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Mercedes-Benz C-Class review

2021 onwards (change model)
Parkers overall rating: 3.5 out of 53.5
” C-Class mixes cutting-edge tech with a wonderful interior “

At a glance

Price new £45,130 - £58,860
Used prices £22,900 - £43,179
Road tax cost £590 - £600
Insurance group 33 - 45
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Fuel economy 40.9 - 62.8 mpg
Miles per pound 6.0 - 8.0
View full specs for a specific version

Available fuel types



Alternative fuel

Pros & cons

  • Whisper-quiet engines
  • Easy-to-use technology
  • Fantastic interior design
  • Not particularly spacious
  • Harsh ride on large wheels
  • Some flimsy controls

Written by Murray Scullion Published: 9 November 2022 Updated: 18 August 2023


This generation of Mercedes-Benz C-Class arrived in 2021. It was an evolutionary step forwards over its predecessor rather than a seismic shockwave of innovation as it’s based on the same underpinnings as the old model. That’s not to say Mercedes hasn’t been busy though, as the car is now exclusively hybrid powered and almost every component (and especially those you interact with when driving) has been replaced or modified to make it better.

In addition to the technical upgrades, Mercedes has dragged the C-Class’s styling into step with the rest of its line-up. Now, it looks even more like a Mercedes E-Class that’s been washed on the wrong cycle, while the cabin lifts several design cues from the company’s range-topping Mercedes S-Class.

The C-Class’s biggest problem is buying trends. It’s a compact four-door saloon gasping for air in a crowded marketplace of family-sized SUVs, with tough competition from the likes of the BMW X3, Audi Q5, Volvo XC40 and Mercedes’s very own GLC SUV.

Despite the saloon car’s waning popularity, Mercedes still plans to sell a truckload of C-Classes. The brand’s engineers have worked hard to make the latest model desirable because, as the market tightens, each vehicle in it needs something unique to set it apart from its peers. For example, the BMW 3 Series sells on its engaging driving experience, while the Audi A4 majors on comfort and refinement. The C-Class aims to beat both its main rivals on the technology front.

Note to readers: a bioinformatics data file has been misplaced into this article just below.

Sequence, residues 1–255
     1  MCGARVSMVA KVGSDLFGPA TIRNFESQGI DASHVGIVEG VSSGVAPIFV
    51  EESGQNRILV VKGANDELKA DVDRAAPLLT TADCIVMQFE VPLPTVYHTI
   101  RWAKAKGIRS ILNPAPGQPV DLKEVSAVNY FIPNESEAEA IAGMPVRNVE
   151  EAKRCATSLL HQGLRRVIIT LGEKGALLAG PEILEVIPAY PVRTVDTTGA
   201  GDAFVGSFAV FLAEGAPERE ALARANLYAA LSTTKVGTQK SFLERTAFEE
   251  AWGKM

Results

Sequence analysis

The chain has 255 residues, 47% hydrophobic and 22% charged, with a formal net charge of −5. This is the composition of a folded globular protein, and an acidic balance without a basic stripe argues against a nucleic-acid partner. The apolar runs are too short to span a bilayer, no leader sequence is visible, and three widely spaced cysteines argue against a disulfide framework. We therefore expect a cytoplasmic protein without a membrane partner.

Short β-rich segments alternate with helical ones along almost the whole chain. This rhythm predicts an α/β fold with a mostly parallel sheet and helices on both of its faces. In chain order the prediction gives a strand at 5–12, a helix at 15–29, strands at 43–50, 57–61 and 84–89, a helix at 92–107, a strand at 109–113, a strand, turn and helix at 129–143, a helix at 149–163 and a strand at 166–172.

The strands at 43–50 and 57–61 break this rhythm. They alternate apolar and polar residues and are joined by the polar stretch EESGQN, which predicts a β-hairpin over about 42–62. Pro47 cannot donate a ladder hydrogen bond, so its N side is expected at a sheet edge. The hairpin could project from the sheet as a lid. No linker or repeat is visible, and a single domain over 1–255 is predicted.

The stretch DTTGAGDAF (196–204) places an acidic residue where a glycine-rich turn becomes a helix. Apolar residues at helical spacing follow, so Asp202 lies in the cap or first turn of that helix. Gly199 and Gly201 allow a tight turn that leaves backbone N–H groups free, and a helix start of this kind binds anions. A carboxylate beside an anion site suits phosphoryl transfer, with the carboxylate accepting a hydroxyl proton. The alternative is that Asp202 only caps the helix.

Step inside and the first thing you notice is the vast 11.9-inch portrait infotainment screen and accompanying 12.9-inch digital instrument display. Both look great and, once you’ve learned your way around their menus, they’re pretty easy to use. The screens will certainly be a conversation starter for new passengers, too.

There are two petrol engines, two diesel engines and a plug-in hybrid powertrain to choose from, in addition to a trio of trim levels. The sporty models are now sold under the Mercedes-AMG banner – and there are only two of those available for now. This is practically austere in Mercedes terms. The previous-generation model was fitted with a staggering range of 17 different engines during its life.

If you want a premium-badged, four-door saloon, the Mercedes C-Class could serve you well. The question is, should you take one over a BMW 3 Series or an Audi A4? Over the next few pages, we’ll aim to answer that question. Our review will rank the C-Class’s practicality, comfort, technology, running costs and driving experience against its rivals – and then we’ll offer our verdict on the car.